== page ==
On Thursday 30th January 2020, the Coronavirus outbreak was declared as a global health emergency by The World Health Organisation (WHO).
At the time of writing, the latest figures suggest more than 11,790 confirmed cases of coronavirus in Wuhan, with 259 fatalities. Australia has 10 reported cases. The UK has 2 confirmed cases. Wuhan is in lockdown and travel bans are in place.
In A Nutshell : What Is Coronavirus?
Coronavirus is a family of viruses, capable of causing illness in humans and animals, from cats and dogs to wild animals and cattle. Prior to the Wuhan virus, there were 6 strains of coronavirus already identified. It’s called ‘coronavirus’ not after the ‘Corona’ beer but after the Latin word ‘corona’, meaning ‘crown’, due to a spiked shell resembling a royal crown encasing the virus.
The current Coronavirus outbreak from Wuhan is a new strain of coronavirus never seen before, labelled as 2019-nCoV. As such, nobody has encountered it before and nobody is immune to it. Not much is known about the Wuhan virus, but scientists are rushing to ensure a vaccine can be made available. While the origins haven’t been confirmed, it’s thought animal food markets and bats in particular may be at the heart of the outbreak. This is a highly contagious virus, able to be spread through just a sneeze or cough. It can be spread by an infected human before their symptoms even emerge, and it can take a few weeks before that happens.
There’s a lot of scepticism over official figures and whether they’re being played down, and there’s anger over the way people have been treated with the travel bans and with travellers being returned back home from China. The consensus is to not panic; the experts are working on learning more about the virus while they develop a vaccine that can be readily deployed, and contamination hospitals and protocol are in place to treat the infected and prevent further spread of the virus.
Can Dogs Contract Coronavirus?
It’s been reported that dog owners in China are rushing to get dog-specific surgical masks to protect their pooches. This has seen sellers of such masks experience a significant increase in sales. They’re designed to help keep out smog and toxins while also preventing dogs from licking or eating anything while they’re outside in the hopes of limiting their possible exposure to the virus.
Coronaviruses in general can typically be spread between humans and animals. Dogs can contract the likes of the CRCov (canine respiratory coronavirus) and others. But the case is less clear with the recent Wuhan virus.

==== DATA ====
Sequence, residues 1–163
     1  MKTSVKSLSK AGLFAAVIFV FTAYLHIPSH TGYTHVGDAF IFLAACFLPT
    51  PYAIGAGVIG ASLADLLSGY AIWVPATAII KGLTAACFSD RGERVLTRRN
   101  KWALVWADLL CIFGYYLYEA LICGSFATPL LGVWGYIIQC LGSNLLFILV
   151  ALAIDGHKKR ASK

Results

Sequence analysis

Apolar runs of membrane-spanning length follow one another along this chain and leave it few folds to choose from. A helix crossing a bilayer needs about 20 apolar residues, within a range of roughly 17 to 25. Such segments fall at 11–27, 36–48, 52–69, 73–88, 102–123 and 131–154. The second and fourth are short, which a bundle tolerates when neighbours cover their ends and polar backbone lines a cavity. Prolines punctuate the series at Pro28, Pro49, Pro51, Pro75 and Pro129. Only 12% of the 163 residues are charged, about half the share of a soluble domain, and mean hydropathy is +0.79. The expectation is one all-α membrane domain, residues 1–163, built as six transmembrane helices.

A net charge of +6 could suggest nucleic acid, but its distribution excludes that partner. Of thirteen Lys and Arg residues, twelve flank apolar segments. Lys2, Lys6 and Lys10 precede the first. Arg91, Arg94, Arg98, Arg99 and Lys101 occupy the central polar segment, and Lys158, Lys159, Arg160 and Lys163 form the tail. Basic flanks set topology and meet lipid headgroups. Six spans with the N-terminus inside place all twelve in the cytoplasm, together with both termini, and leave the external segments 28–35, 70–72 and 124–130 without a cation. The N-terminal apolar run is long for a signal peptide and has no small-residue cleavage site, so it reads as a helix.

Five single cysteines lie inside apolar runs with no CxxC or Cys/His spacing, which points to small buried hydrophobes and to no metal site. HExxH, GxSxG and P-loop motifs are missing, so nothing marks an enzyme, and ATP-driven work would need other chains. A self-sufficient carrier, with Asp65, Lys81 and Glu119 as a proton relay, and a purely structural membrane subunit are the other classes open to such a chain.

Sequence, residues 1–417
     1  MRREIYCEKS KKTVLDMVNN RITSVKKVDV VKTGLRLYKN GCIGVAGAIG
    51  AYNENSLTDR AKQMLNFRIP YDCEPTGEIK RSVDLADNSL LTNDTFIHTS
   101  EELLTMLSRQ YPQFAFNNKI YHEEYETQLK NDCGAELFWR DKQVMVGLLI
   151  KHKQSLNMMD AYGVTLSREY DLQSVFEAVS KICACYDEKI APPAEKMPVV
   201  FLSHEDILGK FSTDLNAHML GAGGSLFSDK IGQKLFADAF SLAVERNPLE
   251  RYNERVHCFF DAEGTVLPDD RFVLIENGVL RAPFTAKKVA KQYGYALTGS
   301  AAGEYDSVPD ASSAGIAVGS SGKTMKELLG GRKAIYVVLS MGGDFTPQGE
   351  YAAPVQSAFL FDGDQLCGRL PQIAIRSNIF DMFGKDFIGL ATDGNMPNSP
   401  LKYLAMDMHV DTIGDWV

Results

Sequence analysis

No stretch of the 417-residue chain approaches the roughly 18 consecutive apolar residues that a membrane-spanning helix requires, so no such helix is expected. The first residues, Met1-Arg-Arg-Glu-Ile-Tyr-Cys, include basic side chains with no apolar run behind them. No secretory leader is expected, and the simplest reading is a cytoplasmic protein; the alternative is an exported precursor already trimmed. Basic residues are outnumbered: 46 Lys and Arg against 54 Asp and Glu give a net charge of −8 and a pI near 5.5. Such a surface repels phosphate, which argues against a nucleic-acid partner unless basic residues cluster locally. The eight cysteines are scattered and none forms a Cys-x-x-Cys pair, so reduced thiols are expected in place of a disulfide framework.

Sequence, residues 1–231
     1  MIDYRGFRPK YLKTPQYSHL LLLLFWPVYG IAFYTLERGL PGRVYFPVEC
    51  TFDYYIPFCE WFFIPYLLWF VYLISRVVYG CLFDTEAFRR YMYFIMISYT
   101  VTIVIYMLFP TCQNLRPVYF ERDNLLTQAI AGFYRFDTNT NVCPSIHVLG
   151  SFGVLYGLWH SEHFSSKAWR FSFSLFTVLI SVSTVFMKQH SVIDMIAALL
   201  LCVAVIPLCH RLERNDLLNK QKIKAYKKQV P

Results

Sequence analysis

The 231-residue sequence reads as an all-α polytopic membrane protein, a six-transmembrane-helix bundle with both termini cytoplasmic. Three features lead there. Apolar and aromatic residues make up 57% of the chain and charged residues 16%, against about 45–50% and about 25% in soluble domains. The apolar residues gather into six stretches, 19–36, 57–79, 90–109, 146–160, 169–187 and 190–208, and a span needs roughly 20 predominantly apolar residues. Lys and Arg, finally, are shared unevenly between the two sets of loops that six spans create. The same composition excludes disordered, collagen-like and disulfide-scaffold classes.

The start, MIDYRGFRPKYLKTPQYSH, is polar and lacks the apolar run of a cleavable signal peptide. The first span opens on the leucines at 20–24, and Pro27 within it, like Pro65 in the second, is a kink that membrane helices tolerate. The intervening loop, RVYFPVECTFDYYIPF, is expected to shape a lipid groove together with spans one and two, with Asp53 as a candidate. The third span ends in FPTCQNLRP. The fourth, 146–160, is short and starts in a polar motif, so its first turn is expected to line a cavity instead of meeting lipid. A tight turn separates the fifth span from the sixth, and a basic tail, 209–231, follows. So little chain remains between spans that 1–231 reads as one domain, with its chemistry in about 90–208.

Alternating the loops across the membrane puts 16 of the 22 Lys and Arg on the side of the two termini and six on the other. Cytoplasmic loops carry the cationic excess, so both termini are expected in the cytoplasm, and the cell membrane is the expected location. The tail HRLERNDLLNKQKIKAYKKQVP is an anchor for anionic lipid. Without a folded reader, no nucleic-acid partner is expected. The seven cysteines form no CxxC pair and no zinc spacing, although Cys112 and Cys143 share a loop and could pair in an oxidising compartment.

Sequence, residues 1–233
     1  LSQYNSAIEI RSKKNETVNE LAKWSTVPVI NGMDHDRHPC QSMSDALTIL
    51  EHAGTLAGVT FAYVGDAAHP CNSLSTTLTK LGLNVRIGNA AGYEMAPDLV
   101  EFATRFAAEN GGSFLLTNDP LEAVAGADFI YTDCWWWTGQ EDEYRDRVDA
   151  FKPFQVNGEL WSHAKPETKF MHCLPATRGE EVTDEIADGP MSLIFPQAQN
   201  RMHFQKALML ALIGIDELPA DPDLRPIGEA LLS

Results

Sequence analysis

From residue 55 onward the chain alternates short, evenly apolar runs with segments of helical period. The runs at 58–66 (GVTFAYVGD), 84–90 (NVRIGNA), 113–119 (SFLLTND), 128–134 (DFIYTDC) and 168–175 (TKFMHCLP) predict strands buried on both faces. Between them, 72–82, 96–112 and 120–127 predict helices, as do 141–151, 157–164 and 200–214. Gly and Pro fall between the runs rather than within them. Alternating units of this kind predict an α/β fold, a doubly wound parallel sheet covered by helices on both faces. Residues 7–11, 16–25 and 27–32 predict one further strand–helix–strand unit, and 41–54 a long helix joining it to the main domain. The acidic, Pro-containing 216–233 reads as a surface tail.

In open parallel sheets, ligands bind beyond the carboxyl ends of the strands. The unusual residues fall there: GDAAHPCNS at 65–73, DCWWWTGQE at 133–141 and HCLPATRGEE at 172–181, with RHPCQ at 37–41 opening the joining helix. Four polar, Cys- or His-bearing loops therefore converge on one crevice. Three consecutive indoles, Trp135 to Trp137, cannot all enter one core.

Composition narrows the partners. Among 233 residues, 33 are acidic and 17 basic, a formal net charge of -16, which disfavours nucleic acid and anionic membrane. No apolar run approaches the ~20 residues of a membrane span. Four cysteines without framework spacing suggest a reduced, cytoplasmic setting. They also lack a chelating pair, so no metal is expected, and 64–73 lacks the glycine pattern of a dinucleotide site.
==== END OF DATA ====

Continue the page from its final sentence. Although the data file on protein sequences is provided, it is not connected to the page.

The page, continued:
A member of China’s National Health Commission, Prof. Li Lanjuan, warned that the virus can spread ‘between mammals’, urging owners to be cautious with their pets. She cautioned that if dogs come into close quarters with those infected, the pets will also need to be put in quarantine. However, no official word has some from WHO as to evidence to say our feline and canine friends can contract coronavirus. According to WHO, there have been no reported instances of pets catching the virus and no evidence to suggest they can contract it in the first place.
Without clear evidence either way, and with very little still being known about the 2019-nCoV Wuhan virus strain, it seems to be a case of caution and prevention just to be on the safe side.
Are surgical paper face masks effective?
Experts can’t say for sure exactly how the virus is transmitted, such as whether it’s via respiratory droplets in the same way as other coronaviruses, or instead through touching surfaces. It’s not too clear how it’s passed along and as such it’s hard to say just how effective or not the masks would be. If anything, the most likely to be effective would be the N95, a proper respiratory mask.
Some experts suggest a surgical mask might help in the case of the flu virus; it helps prevent you inhaling droplets that are in the air, providing the mask is worn consistently and that it fully covers the nose and mouth. The coronavirus does result in flu-like symptoms, but as for a mask providing protection against its spread, it doesn’t seem as likely. The CDC (Centers for Disease Control and Prevention) guidance is that those infected should wear a face mask, and if you’re in the same room as others who may be infected then a mask should be worn. It’s not recommended that the general public need wear one. As such, unless local government advises otherwise, it’s individual discretion as to whether to wear a mask or other PPE.
But again, the adage of “it can’t hurt” applies. While it’s not a guaranteed safeguard, it may or may not help, but it can’t hurt to err on the side of caution. It nothing else, it’s a way people can assert just a little control over a situation that otherwise feels very much out of individual control. As always, the key is to prioritise hygiene with hand washing, covering coughs and sneezes, not sharing household items, and not putting yourself at unnecessary risk. As per the CDC, those infected or who are being evaluated for the virus, should be isolated to prevent the spread of infection.
Even without proof of its effectiveness or need, would you want to make sure you & your pet were wearing surgical face masks just in case with a situation like this?
Further information : Johns Hopkins CSSE has has published a live data map showing Coronavirus case updates.